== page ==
While African Americans were either slaughtered or ran in terror to hide in the nearby woods, Waddell and his men invaded City Hall and informed the mayor, the aldermen, and the police chief, all Fusionists, that they must either resign on the spot or be shot down. All complied, and by late afternoon, November 10th, 1898, Wilmington had a new government, led by Mayor Alfred Waddell. Those local officials lucky enough to not be murdered, both black and white, were marched to the train station, some with nooses around their necks, and told they would be killed if they ever returned. None did.
In all, more than 2,000 African American men, women, and children fled Wilmington, most of them, like Reverend Morris, never to return.
Although the white press would later term the events in Wilmington a “race riot,” it was in fact the only violent overthrow of a local government in United States history.
Harry Hayden, interviewed later by reporters, insisted that he and his fellows were not thugs. “The men who took down their shotguns and cleared the Negroes out of office yesterday were . . . men of property, intelligence, culture . . . clergymen, lawyers, bankers, merchants. They are not a mob. They are revolutionists asserting a sacred privilege and a right.” North Carolina authorities evidently agreed, since no one was punished for the crimes and Waddell and his fellow Democrats were allowed to remain in the jobs they had seized by force.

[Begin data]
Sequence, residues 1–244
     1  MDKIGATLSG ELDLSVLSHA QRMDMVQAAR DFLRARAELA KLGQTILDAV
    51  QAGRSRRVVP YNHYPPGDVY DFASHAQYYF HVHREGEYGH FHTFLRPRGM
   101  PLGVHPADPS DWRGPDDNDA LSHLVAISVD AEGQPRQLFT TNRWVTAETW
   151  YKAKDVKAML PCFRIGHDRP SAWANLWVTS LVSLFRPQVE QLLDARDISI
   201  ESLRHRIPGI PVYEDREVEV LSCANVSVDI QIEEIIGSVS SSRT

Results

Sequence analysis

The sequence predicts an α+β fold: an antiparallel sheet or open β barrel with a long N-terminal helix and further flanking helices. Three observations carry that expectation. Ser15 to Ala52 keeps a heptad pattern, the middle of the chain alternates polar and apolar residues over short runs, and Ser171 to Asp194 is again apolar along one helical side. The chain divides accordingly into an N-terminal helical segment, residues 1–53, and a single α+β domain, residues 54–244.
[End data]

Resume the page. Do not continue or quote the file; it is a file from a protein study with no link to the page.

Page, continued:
As for the terrified black citizens who had been forced to flee to the woods and sleep without blankets in a cold rain, only a few attempted to sneak back to town to gather some possessions before leaving Wilmington for good. In all, more than 2,000 African American men, women, and children fled the city, most of them, like Reverend Morris, never to return. Those who remained would live in total subjugation for the rest of their lives.
The victors, proud and triumphant, posed for a group picture in front of Alex Manly’s burnt-out newspaper office, which was later reproduced in newspapers and magazines across America. But they had failed in one of their main objectives—to lynch Alex Manly. Years later, Manly’s son Milo described how his father escaped.
A German grocer who knew my father got in touch with him, and said, “Look, you’ve got to get out of town . . . This gang, there’s all these people out there, but they’ve lined it up that nobody can leave the vicinity of this area, with this cordon, unless they have a certain password.” He said, “Now, if it ever got known that I gave you the password, they’d kill me. But I know you. I trust you. I want you to get out of here.”
He gave my father the password. My father come up the line. They stopped him. “Where are you going?” He said—named a town up there. “What are you going up there for?” “Going to buy some horses. There’s an auction up there.” Or something like that. “Oh, all right.” He gave the password. “Okay, but if you see that nigger Manly up there, shoot him.” And they gave him two rifles. That’s right. Off away he went.
North Carolina authorities, appalled at the events in Wilmington, vowed to make certain such an incident could never take place again. The following year, the state legislature passed an amendment to the North Carolina constitution with provisions making it almost impossible for any African American to vote in the state.
From On Account of Race: The Supreme Court, White Supremacy, and the Ravaging of African American Voting Rights by Lawrence Goldstone. Used with permission of Counterpoint Press. Copyright © 2020 by Lawrence Goldstone.